> Erlang's performance sucks at number-crunching applications (which are
> not the domain of problems Erlang was designed for), and begin writing
> ports and drivers to overcome these bottlenecks.  Additionally As a
> conclusion of this circle you'll be quite fascinated at how much thought
> was put in preventing mis-behaving user code crash the Erlang emulator.
>
> The "forth circle of Erlang life" will begin when your curiosity drives
> you to studying sources of the Erlang emulator.  Here you'll learn how
> I/O multiplexing, garbage collection, bytecode execution, etc. is done,
> and answer some of more advanced questions you might have accumulated
> about features of the run-time system.
>
> By this time others will find that you are "... more object oriented in
> thinking than most of his C++ guys" [2]. The "next circle of Erlang
> life" will begin when you manage to get a job that will let your
> evolution as an Erlang programmer use acquired knowledge during
> day-time.  Since not many companies know the hidden powers of Erlang,
> this will largely depend on your abilities to show the strength of
> Erlang/OTP development to your manager, find suitable projects, and
> generate spin to share this knowledge and apply it in your organization.
>
> Regards,
>
> Serge
>
>
> [1] http://www.erlang.org/doc/design_principles/part_frame.html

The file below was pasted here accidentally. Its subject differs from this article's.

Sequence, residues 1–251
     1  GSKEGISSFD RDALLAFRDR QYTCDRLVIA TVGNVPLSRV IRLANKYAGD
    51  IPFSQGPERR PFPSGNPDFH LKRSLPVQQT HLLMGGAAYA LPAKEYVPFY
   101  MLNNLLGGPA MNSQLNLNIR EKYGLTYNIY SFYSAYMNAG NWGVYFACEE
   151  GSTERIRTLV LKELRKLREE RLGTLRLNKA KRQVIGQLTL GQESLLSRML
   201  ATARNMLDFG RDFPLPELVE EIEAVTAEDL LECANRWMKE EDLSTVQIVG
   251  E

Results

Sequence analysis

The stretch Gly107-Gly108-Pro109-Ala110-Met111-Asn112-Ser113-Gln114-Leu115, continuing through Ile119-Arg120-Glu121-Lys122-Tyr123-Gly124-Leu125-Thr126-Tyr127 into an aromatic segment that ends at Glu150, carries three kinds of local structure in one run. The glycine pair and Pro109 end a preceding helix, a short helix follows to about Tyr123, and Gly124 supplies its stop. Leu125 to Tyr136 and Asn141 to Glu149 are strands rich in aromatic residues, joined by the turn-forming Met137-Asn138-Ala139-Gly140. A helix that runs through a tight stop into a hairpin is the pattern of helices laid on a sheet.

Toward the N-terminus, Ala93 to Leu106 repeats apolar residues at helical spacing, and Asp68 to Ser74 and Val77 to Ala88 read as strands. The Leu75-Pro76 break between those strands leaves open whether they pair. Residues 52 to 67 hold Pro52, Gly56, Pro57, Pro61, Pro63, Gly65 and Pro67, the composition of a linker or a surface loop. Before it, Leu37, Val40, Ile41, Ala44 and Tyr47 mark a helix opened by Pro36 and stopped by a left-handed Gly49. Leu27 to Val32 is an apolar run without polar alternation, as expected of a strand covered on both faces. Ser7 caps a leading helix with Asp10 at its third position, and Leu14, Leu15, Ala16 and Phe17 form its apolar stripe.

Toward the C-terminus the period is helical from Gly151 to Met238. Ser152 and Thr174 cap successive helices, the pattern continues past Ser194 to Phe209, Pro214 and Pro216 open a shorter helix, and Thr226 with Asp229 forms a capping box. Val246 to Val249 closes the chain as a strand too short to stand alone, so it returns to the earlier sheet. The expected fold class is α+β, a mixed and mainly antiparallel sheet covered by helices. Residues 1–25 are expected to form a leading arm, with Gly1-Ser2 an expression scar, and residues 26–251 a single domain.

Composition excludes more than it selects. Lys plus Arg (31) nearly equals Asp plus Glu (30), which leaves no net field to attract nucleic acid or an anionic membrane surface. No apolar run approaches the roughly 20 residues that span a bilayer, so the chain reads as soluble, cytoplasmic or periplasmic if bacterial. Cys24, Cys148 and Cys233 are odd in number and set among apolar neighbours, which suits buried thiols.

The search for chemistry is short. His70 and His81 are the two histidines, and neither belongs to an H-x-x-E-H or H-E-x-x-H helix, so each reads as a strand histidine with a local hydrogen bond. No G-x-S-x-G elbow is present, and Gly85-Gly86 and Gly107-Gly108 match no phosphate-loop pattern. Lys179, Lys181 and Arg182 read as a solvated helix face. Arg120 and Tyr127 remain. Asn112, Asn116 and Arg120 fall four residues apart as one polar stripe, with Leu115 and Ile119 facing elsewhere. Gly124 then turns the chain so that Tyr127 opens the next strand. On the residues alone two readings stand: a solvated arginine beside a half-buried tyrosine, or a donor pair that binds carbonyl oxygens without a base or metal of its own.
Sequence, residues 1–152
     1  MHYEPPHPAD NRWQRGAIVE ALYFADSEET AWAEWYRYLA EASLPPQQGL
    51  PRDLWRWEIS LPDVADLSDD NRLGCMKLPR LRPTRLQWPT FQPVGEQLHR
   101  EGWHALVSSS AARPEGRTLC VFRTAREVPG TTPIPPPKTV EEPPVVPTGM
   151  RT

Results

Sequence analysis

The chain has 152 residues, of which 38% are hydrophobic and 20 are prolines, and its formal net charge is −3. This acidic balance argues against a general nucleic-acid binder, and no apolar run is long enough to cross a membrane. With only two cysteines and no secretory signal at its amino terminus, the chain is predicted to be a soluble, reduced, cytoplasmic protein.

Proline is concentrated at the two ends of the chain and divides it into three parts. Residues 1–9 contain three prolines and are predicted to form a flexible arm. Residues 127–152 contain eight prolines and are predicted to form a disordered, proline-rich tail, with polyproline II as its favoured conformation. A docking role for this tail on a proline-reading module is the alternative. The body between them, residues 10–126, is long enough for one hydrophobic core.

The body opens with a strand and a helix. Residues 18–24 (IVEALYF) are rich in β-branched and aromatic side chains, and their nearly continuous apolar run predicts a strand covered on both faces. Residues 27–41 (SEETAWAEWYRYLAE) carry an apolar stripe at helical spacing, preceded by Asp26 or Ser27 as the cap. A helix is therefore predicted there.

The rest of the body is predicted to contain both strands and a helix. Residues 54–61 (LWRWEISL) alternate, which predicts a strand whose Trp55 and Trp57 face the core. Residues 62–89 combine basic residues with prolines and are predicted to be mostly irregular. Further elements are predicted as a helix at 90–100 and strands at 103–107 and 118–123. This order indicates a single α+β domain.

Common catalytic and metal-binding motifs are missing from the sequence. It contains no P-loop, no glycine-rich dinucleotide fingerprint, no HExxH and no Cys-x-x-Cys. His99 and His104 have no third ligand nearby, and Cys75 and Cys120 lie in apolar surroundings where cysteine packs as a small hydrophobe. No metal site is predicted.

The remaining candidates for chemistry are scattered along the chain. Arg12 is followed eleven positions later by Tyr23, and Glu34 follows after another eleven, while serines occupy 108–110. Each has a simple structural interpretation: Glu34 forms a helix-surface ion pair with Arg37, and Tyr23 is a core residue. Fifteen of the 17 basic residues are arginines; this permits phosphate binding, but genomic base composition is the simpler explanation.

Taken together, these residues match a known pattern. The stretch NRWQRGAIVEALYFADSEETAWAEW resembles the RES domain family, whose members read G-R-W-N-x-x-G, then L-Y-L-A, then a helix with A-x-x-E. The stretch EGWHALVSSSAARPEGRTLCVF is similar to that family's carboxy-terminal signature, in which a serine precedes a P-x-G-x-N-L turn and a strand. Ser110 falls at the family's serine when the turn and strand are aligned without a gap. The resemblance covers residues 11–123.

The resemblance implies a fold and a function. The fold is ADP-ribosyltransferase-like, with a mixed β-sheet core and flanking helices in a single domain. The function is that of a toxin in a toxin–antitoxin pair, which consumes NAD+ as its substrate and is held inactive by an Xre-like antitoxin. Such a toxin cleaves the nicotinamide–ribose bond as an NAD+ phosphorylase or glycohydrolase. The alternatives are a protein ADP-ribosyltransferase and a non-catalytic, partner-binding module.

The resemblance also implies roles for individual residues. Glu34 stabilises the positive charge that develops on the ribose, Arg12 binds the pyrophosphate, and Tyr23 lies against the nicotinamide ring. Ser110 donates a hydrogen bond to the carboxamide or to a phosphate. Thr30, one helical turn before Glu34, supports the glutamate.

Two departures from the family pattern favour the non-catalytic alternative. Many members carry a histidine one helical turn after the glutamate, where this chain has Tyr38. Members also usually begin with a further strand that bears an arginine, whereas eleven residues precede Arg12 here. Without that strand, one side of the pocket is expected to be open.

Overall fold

> [2]
> http://www.erlang.org/pipermail/erlang-questions/2007-August/028392.html
>
>
> David Mitchell wrote:
> > Great tip Serge!
> >
> > Like many others, I'm new to Erlang - I've read through the
> > "Programming Erlang" book, "Thinking in Erlang" and various PDFs at
> > the main Erlang site.  I've written a few trivial bits of code,
> > identified and sorted out a bunch of problems I've created, and now
> > I'm moving into using Erlang for larger projects.  However, I've never
> > come across info about now() and timer.diff() before; like Ahmed, I've
> > been using statistics(wall_clock) for profiling purposes.
> >
> > Where is that type of info documented?  Is it only in the various
> > library APIs (and thus I'll have to work through each of these to get
> > a handle on this type of info), or is there some "best practices"-type
> > documentation I haven't yet stumbled on?  I don't mind putting in the
> > time to do my research, but I suspect I'm not yet across all the
> > "good" sources of info.
> >
> > Thanks in advance
> >
> > Dave M.
> >
> > On 13/08/07, Serge Aleynikov <> wrote:
> >> You have several problems with this code:
> >>
> >> 1. Since you don't provide implementation of generate_lists/3, I assume
> >>     it returns a flat list.  In this case in the start function you
> call:
> >>
> >>        spawn(?MODULE, run_process,  [Num, Op, Head, Pid]),